Hello! I am Takami Kawai, a Japanese carpenter. I enjoy woodworking at the Suikoushya in Kyoto. In addition to repairing shrines and renovating old houses, we share fine woodworking with people, hold woodworking classes around the world, and hold joinery solo exhibitions.



Today, I will explain the theme “Making a Sharpening Stone Base”. have fun!


Using only wood joinery (without nails or glue).

Today, i would like to make a base for sharpening stones.

Here is sketch for todays project. Basically, it is a box which holds the sharpening stone above it.

The materials here all have the line marked. The first thing to do is to make the mortise. The mortise should be done when the material is in its most  stable(longest) state. Two longer pieces will be joint to two smaller pieces.

First, chisel the perimeter (all four sides) of the mortise. Hammer the NOmi (shisel) a little inside of the line. If the Nomi is laced right on the line, the Nomi will bite into the line. This means the Nomi will go past the line. Once the perimeter is outlined, “scoop” the wood. Work the Nomi “across the grain” first, then work it “along the grain”. Once a little space is dug, it can be chisel until the line. Having a clean finish in non-visible areas, helps create a stronger joint. If gaps exists when assembling the parts together, Overtime, that area will become loose.

Always remember to use a Nomi which is smaller than the mortise A Nomi the same size as the mortise should not be used either.

For the mortise, dig halfway from one side, then the other half from the other side. The Nomi works better when used along the grain. However with a mortise this small, the Nomi will touch(and ruin) the edge. Therefore, it is necessary to use the Nomi against the grain. Slowly dig from all sides. At this point, give it a little clean. For the other side, saw the lines first. Sawing an extra line in between will make it easier to chisel the wood out. Saw a little inside of the line. Be careful not to over saw the line. First dig the mortise. Chisel the wood out little by little. When working on grooves, work from both sides. The same as when working on a mortise. Half from one side, then the other half from the other side. Working from only one side will lead to the wood being torn off. Check to make sure there are no high spots. Clean any rough parts.


Bonus Pro Tip

The easiest way to get clean results is to use a piece of wood as a guide for the Nomi.




We will make the groove to hold the sharpening stone.

Line a piece of wood to use as a guide. Align the wood with the marking line.

First, slice the Nomi to mark the line. Chisel out the wood using the Nomi(chisel). Chisel a little at atime. Being greedy and chiseling in one go will tear the wood out. Work from both sides.  Be careful not to go past the line. Leave some space from the line.

Once the majority is chiseled out, prop the wood up. Clamp down the wood guid.

Slice the wood using a guide, Make sure the back of the Nomi(chisel) is in full contact with the guide. Make sure not to slice too much at once. Since a thin layer and slowly move towards the line. Applying too much pressure when slicing will leave a mark on the material. Slice little by little from both sides.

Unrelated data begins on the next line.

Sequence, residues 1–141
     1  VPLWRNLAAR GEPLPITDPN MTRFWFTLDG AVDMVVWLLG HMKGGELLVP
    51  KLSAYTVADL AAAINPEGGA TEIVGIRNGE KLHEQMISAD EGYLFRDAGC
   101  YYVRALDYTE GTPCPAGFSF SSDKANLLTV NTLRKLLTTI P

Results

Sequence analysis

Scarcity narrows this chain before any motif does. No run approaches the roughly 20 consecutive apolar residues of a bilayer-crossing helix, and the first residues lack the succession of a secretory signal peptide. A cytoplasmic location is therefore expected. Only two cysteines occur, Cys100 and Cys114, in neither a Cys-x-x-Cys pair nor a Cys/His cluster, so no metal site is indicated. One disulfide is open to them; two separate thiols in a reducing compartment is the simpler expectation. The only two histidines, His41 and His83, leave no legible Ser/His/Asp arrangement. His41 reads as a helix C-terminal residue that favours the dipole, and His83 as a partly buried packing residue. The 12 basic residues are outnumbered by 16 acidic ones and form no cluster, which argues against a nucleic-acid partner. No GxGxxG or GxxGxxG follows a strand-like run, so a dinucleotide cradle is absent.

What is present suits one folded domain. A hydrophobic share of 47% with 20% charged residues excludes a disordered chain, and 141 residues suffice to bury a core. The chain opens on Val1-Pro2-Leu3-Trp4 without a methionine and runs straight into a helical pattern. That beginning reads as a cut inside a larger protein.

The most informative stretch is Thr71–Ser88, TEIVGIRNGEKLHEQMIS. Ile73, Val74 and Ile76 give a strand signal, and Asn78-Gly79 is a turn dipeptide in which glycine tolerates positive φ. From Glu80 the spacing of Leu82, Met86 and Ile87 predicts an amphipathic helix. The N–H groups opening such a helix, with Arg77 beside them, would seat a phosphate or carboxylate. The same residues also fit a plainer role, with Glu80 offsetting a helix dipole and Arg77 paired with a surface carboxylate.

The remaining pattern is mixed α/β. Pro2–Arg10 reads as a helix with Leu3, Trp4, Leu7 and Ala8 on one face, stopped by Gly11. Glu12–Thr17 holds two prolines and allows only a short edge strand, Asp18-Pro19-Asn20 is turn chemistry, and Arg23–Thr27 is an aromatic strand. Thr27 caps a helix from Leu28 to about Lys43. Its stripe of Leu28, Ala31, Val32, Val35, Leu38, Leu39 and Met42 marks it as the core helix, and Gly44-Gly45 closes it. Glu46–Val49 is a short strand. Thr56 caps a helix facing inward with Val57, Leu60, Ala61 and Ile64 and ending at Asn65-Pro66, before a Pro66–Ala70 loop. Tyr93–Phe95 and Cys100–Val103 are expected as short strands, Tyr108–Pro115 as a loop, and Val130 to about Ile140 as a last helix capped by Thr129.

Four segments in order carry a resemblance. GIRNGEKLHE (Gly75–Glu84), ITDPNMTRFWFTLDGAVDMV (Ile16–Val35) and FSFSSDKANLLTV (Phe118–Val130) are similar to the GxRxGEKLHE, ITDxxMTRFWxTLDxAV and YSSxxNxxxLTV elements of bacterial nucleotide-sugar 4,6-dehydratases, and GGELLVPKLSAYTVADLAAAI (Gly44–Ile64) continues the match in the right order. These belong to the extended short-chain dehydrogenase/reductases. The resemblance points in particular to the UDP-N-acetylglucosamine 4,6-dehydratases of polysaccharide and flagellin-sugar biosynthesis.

Check the work and clean if necessary. Repeat the process for the other piece, With this the length of the base is completed.



Chiseling the mortise for the wedges.  Be careful as one of the sides is at an angle.  Chisel out bout halfway then flip over.

Nest is the tenon.

One way to cleanly saw is to use a guide. Make sure not to saw past the line.

Another way is to saw, then clean it off using a Nomi(chisel).

Now for the wedge. Saw the wedge, Make sure the wedge is at least double the desired length. Leave some space from the line when sawing.

Use a Kanna(hand plane) to shave until the line. Make sure the edges of Kanna is at aright angle. Use the Kanna on top of a table. Place a piece of wood under the wedge(Without this, the blade will not touch the wedge).  When shaving , go along the grain.  Shaving the other direction will result into tear outs. Take the edge of the parts which will fit into the joint. It better to have the joint a little tight.  To make the joints slide in easily, hammer the surface of the wood. Don’t apply strenght when hammering. Instead, use the weight of the hammer. It is important to evenly hammer the surface.  If the fit is too tight, the wood will split. so make sure the wood is properly hammered. The hammered area will expand with water, creating a clean , tight joint. Lightly tap the wedges in. Tightening the wedges too tight will force the wood to split.

Next, mark the cutting line for the wedges.  The length of the wedge is up to you.  With this , the fitting is done.

Saw to the marked length.

Once its fit, take the edge off the area where the stone will come on.






At Suikoushya, we share traditional Japanese woodworking techniques and skills. Since it is a small group system, we will provide guidance tailored to each individual’s skills, from beginners to woodworking professionals. Please join us!
I look forward to sharing fine woodworking with you.

One month Japanese woodworking classes

Making a Sharpening Stone Base